Top 10 Free Agent Tight Ends Still Available
Top 10 Available Free Agent Tight Ends
It's difficult for tight ends to age gracefully in the NFL. Much like safeties or running backs, veteran tight ends that still play at or near the peak of their abilities late into their careers (Tony Gonzalez, Antonio Gates) are rare.
Here are 10 notable veteran tight ends that are still available as we head into training camp. NFL teams are skeptical of the value they can bring to their rosters, yet there are several teams that have identifiable tight end needs.
The Seattle Seahawks have a veteran starter at tight end, Zach Miller, who is now entering his third season with the team. He has yet to deliver anywhere near the productivity he showed with his previous team, the Oakland Raiders. Behind Miller, the Seahawks have five more tight ends vying for roster spots. Combined among them, they have zero NFL catches. One of the participants in the Seattle backup tight end derby didn't even play college football.
The mess that is the Oakland Raiders are another team with a "help wanted" sign out at tight end. The Raiders' 2012 reception leader was tight end Brandon Myers. Myers is now a member of the New York Giants.
The New England Patriots have at least one opening for a tight end. Leader Rob Gronkowski has become a surgical marvel and leading backup Jake Ballard missed all of last season recovering from an injury.
With so much veteran talent available, NFL teams have made it clear that they prefer youthful bargains at this crucial position. With the continuing disappearance of the fullback position on many NFL teams, the tight end is increasingly called on to fill a lead blocker role out of the backfield. Whether pass-catching or lead-blocking specialists, these veterans are most likely to be post-Week 1 pickups — if at all. Their salaries will not be guaranteed for the season if added to rosters after Week 1.
10. David Thomas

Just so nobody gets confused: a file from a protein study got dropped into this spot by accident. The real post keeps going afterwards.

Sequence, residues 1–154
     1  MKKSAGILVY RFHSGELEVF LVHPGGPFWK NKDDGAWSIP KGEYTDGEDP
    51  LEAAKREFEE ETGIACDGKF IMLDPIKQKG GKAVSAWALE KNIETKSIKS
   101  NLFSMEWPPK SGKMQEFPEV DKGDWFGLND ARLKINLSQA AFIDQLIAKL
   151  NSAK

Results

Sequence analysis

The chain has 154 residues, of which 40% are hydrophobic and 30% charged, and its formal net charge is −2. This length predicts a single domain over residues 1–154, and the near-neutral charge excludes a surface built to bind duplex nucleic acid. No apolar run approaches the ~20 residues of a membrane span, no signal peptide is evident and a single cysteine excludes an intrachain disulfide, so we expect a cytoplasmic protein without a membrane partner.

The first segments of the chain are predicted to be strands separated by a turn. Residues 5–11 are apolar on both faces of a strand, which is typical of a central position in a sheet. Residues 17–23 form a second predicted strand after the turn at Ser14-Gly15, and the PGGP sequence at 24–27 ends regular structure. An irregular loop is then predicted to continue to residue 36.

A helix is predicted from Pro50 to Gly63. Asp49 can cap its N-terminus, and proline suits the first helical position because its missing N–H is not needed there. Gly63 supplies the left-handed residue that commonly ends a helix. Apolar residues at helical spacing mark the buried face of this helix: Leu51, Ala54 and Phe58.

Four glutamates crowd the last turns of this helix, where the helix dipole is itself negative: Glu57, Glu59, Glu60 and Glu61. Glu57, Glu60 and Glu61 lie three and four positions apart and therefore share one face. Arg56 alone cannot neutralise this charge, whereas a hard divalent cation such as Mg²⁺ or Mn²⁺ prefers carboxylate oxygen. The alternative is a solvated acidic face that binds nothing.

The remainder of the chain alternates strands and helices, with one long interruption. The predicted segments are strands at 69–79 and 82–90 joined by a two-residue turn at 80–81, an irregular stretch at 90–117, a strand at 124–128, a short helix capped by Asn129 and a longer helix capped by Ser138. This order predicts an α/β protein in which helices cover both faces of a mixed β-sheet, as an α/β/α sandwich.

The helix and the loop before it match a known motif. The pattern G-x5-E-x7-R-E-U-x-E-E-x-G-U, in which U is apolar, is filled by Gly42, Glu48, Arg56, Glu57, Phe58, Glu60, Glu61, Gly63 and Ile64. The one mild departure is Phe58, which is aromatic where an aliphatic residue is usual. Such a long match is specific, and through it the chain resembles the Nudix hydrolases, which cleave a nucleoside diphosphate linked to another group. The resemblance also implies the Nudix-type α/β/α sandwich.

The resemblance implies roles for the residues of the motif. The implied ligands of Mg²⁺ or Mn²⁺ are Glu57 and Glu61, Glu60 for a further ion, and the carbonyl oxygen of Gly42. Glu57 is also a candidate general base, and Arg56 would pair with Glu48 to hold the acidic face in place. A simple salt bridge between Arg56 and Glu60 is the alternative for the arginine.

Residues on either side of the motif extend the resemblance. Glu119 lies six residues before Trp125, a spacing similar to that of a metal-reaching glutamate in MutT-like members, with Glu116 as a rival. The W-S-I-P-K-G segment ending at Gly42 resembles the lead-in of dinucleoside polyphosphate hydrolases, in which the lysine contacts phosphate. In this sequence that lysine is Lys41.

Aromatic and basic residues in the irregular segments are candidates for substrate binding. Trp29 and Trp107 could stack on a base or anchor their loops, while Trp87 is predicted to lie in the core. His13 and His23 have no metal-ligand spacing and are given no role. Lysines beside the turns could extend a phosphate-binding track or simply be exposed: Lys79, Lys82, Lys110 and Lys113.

A seven-game starter in New Orleans last season, David Thomas is adept at filling both the tight end and fullback role. At age 30 and relatively injury-free, Thomas may have the most left to give to a new team.
9. Travis Beckum
Drafted in 2009 by the New York Giants, Travis Beckum's career has never really gotten off the ground. His most productive season was 2010 where he tallied 13 receptions for 116 yards and two touchdowns. Beckum tore his ACL in Super Bowl XLVI against the Patriots. Teams seem to be taking a wait-and-see approach on whether or not he has fully recovered from his February 2012 injury.
7. Kevin Boss
Kevin Boss began his career with the New York Giants where he played for four seasons. He supplanted Jeremy Shockey and then moved on to one-year stops in both Oakland and Kansas City. His 2012 season in KC was a washout with only two games played and three receptions. He is considered a medical risk with a history of concussion issues.
6. Todd Heap
Todd Heap's career took a major turn in 2012. He began the season as the Arizona Cardinals' starter, but was waived in December. His play and availability have been affected by numerous knee and hamstring injuries. Now in his 13th year, he may not find another opportunity unless a team suffers a catastrophic injury at the tight end position.
5. Visanthe Shiancoe
Visanthe Shiancoe was drafted by the New York Giants but is probably best known for his most productive years as a member of the Minnesota Vikings. He most recently played for the New England Patriots but was waived in December after posting zero receptions as a backup to stars Rob Gronkowski and Aaron Hernandez.
4. Randy McMichael
Randy McMichael spent multiple years each in Miami, St. Louis and San Diego. At age 34, he offers more blocking ability than pass-catching ability at this stage of his career. The Chargers released him in March.
3. Chris Cooley
The Washington Redskins' franchise record holder for most receptions by a tight end, Chris Cooley is being kept at arms' length by his former team. They released him in 2012, only to bring him back midseason. Time will tell if they intend to cut the cord for good in 2013, or may bring him back after Week 1.
2. Evan Moore
Evan Moore is another player that cannot seem to stick with a team for very long despite a strong skill set. He offers athleticism but little in the blocking game. He spent the first three years of his career in Cleveland and has since held short stints in Seattle and Philadelphia. The Eagles released him in April after they drafted Zach Ertz.
1. Will Heller
After stops in Tampa Bay, Miami and Seattle, Will Heller found a home in Detroit for four seasons. The Lions released Heller in the offseason despite starting four games for them in 2012. He is considered more of an in-line blocking tight end at 6-foot-6, 275 pounds.